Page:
Payment history is an easy enough term to understand, but what about credit utilization? While you may be familiar with the concept of a credit score and how it’s important to make yours as strong as possible, most people don’t truly understand the key factors that contribute to building and maintaining said score.
There are 5 core factors that credit bureaus take into consideration when calculating your score:
- Payment history (35%)
- Credit Utilization (30%)
- Age of Credit (15%)
- Mix of Credit (10%)
- Credit Inquiries (10%)
Payment history carries the highest percentage and the heaviest weight of the 5; if you pay in full and on time, your score will be higher than someone who’s regularly late/delinquent and only makes the minimum payment.
Age of credit and mix of credit are also fairly easy to understand; the longer your account has been open, the better. Additionally, the more varied the types of credit you have access to – you want a a good mixture installment loans (mortgage, auto, student loans etc) and revolving credit (credit cards) – the stronger your score will be.
Credit inquiries refers to how often hard inquiries are made to the bureau regarding your account. Hard inquiries typically come from potential landlords, employers, and financial institutions considering whether or not to extend more credit to you. You can learn more about credit inquiries and the difference between a soft and a hard inquiry here and here.
Which leaves us with Credit utilization. Coming in at 30% of your score, one of the most important things you can do is understand what credit utilization means and how to use it to your advantage; it can make a huge difference in how likely you are to be approved for a loan and how much interest you’ll be expected to pay.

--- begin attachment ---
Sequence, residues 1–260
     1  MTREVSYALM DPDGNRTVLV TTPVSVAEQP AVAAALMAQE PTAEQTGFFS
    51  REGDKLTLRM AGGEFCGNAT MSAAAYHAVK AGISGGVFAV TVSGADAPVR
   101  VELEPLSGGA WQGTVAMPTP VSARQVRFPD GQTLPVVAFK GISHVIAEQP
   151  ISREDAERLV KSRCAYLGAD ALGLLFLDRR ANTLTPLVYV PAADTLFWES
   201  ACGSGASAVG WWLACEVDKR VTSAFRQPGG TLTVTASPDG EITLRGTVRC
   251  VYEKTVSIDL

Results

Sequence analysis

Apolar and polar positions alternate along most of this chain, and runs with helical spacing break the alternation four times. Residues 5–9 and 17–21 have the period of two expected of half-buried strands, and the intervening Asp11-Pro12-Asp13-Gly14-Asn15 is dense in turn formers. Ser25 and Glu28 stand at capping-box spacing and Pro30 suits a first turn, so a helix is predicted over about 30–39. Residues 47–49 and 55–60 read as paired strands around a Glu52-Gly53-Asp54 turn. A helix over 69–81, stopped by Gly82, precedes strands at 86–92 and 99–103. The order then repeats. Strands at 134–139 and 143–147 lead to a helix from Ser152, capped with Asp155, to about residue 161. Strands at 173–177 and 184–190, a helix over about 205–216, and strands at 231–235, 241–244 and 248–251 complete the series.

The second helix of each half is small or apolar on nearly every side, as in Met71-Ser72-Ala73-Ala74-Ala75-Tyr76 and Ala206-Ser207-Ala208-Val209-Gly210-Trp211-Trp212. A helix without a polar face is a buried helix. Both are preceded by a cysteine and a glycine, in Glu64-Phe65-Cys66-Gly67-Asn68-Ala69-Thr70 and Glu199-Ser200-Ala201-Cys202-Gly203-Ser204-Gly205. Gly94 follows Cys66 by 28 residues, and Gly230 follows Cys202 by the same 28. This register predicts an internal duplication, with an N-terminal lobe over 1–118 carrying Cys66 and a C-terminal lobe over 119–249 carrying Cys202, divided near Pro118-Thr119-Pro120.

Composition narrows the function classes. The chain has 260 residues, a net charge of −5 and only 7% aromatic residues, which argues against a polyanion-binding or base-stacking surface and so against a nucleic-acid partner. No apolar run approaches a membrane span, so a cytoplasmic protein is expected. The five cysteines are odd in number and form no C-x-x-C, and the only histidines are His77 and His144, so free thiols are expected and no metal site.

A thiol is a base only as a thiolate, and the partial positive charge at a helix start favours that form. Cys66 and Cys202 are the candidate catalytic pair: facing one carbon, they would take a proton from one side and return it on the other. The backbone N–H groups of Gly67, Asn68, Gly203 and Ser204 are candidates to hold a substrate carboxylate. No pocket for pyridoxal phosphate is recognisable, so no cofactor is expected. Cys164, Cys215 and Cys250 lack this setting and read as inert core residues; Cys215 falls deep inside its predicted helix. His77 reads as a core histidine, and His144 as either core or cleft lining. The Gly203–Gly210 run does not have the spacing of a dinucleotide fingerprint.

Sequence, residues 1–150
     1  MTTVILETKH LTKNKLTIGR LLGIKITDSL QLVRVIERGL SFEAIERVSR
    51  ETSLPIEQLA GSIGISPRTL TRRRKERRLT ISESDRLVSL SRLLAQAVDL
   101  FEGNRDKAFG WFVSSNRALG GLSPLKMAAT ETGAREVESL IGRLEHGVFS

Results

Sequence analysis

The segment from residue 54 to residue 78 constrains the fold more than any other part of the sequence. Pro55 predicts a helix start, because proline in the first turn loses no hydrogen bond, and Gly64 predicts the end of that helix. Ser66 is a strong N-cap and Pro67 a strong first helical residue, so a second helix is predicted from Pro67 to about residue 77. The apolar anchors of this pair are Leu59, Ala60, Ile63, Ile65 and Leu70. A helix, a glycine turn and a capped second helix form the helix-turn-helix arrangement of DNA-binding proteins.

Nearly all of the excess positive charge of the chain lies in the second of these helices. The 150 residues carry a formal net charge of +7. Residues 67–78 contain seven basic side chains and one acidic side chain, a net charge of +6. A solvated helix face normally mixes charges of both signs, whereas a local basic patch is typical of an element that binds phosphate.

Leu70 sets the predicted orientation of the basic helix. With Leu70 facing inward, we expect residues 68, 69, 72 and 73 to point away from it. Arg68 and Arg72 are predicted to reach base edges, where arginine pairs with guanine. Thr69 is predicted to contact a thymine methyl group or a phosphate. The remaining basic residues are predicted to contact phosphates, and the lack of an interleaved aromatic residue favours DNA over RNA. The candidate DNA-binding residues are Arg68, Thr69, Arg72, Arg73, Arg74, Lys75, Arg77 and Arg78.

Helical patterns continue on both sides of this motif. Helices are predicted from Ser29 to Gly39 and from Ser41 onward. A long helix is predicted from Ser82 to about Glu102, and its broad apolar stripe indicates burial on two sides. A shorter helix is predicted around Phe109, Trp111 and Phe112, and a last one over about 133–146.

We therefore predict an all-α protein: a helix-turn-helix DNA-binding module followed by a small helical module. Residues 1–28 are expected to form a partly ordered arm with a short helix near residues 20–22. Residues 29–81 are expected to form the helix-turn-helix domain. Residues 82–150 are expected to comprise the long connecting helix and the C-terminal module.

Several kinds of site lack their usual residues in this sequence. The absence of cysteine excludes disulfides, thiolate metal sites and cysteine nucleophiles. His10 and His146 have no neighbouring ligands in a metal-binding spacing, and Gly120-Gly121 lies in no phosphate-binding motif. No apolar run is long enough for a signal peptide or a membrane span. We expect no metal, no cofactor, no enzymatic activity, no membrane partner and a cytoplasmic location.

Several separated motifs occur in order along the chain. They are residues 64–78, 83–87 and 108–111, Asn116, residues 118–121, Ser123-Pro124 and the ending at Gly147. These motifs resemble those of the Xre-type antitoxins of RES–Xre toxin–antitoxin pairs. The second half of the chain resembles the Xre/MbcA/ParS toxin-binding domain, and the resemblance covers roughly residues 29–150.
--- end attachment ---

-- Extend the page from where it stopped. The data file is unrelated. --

Credit utilization refers to how much of your available credit you actually use vs how much is left over.
For example, if you have a credit limit on one of your credit cards of $1,000 and your balance is $500, you’ve used exactly half of your available credit and your utilization is 50%
The less available credit you use, the better. The credit bureaus and financial institutions want to know that while you use credit from time to time, you’re not reliant on it (which can be a red flag for potential lenders).
So, using the example above, even if you have $1,000 available to you, having a balance of $900.00 (90% credit utilization rate) is actually worse for your score than if someone else with a limit of $2,000 had a balance of $1,000 (50% credit utilization rate).
Even though the other person technically has more debt than you, they also have a higher credit limit which positively affects their utilization rate.
So, what can you do to improve your credit utilization? Start by doing the math. Figure out exactly how much you can charge to your card each month without going above 30 or 40% of your available credit. If you have multiple credit cards, try to spread your purchases across all of them rather than building up one big balance.
If you’re uncomfortable with the idea of using multiple credit cards, another option is to contact your bank and to get a balance raise. Even just raising your limit from $1,000 to $1,500 significantly increases how much you can comfortably charge to your card each month without any negative repercussions to your credit score.